Friday, April 14, 2017

Urban rambling : Chief Sealth Trail

Chief Sealth Trail Route Map

Last summer while completing the Seattle Stairway 100K, I came across the Chief Sealth Trail and vowed to go back and walk it someday. I had even discovered that there's a bus that runs from one end to the other -- for a perfect short adventure.

The trail may not be the most scenic, but I think it's a great example of creating recreational space in the middle of a city. Built in the greenway underneath huge power pylons, the trail is fully accessible and used recycled material from the Link Light Rail project. The trail clearly gets used: even on a weekday when the skies were threatening to open up, I saw several people out exercising along it.

With a lot on my mind and an unexpectedly free day I decided to finally make it happen. I drove out to 15th Avenue S and S Angeline Street, parked, and jumped on the trail.

North end of the Chief Sealth Trail
I was a little surprised at the number of ups and downs -- far from being relatively flat, like a rail trail, this trail had a lot of hills. And when it was hilly, the trail wound back and forth -- I suspect to make it less steep so that it was safer for wheelchairs.

The trail passes near houses and garages. I kept being surprised by the street patterns in the area -- lots of narrow little streets. And some nice art:

The trail was in excellent condition and quite clean -- despite not seeing any garbage cans along it, I also didn't see any garbage.

Did I mention the skies were threatening? The light was weird and kept changing.

And on this cloudy day, I came to a sweet little artwork, on opposite sides of a road:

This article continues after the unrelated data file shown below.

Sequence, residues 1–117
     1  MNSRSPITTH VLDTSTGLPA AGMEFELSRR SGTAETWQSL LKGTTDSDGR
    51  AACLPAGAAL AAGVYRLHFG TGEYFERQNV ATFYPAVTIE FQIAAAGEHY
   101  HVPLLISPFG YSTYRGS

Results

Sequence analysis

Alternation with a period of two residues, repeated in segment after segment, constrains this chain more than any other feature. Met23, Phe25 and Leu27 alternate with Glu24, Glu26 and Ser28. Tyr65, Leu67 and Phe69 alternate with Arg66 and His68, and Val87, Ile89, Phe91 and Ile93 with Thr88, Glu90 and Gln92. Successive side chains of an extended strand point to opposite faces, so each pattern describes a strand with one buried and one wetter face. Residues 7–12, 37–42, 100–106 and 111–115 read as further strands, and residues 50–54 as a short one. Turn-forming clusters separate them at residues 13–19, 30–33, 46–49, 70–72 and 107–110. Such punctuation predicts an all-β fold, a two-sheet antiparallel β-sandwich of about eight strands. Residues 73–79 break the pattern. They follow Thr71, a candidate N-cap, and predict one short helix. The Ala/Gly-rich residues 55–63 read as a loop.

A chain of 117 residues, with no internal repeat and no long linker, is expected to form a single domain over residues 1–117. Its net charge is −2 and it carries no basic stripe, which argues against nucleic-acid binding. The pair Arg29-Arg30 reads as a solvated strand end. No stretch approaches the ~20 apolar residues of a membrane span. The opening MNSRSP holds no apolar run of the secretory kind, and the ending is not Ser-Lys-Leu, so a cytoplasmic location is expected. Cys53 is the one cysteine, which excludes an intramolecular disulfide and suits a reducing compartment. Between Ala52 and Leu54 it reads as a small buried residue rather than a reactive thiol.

No straight stretches here, just sinuous curves.

When I got a little farther south, I believe in the New Holly neighborhood, these bluebell lamps appeared alongside the trail.

When I looked at the trail map before heading out, there was one stretch which was inexplicably skipped. It wasn't even clear how one might connect the two, really.

I looked at the satellite view -- what might cause this break? Nothing obvious...

Well, then I got there, the signage was a little confusing. I think I could have gone through some neighborhood streets and eventually climbed to the top of the hill and rejoined the trail at S. Webster Street. Or I could just do what a lot of people had clearly done, and climb the grassy hill under the power lines. I should point out that there are no fences, no NO TRESPASSING signs, etc. I suspect that the slope was just steeper than could easily have been adapted to accommodate wheelchair users, so the trail was routed around more gradual hills.

The hill was pretty waterlogged and there was a lot of mud in that grass, making climbing surprisingly slow. But I made it to the top with no problems. Looking back it doesn't look super steep, but it was the steepest climb of the day. In the picture below you can clearly see the trail coming down the hill until it meets the road, and then no trail coming up the hill.

But then I was back on track.

The remainder of the trail was much the same. Just a peaceful, mostly traffic free trip through south Seattle. With a lot of hills.

I was almost surprised to come to the end of the trail, but suddenly, there it was.

I crossed 51st Avenue South, and within 5 minutes was on a bus heading back to my car. I opened the back hatch, changed out of my hiking boots, and got into the driver's seat just as the torrential downpour started. How's that for excellent timing?

This was a fun trail, and a great resource for people in the neighborhood. Signage was good, and there are plenty of access points.

Chief Sealth Trail

4.32 miles
336 feet elevation gain

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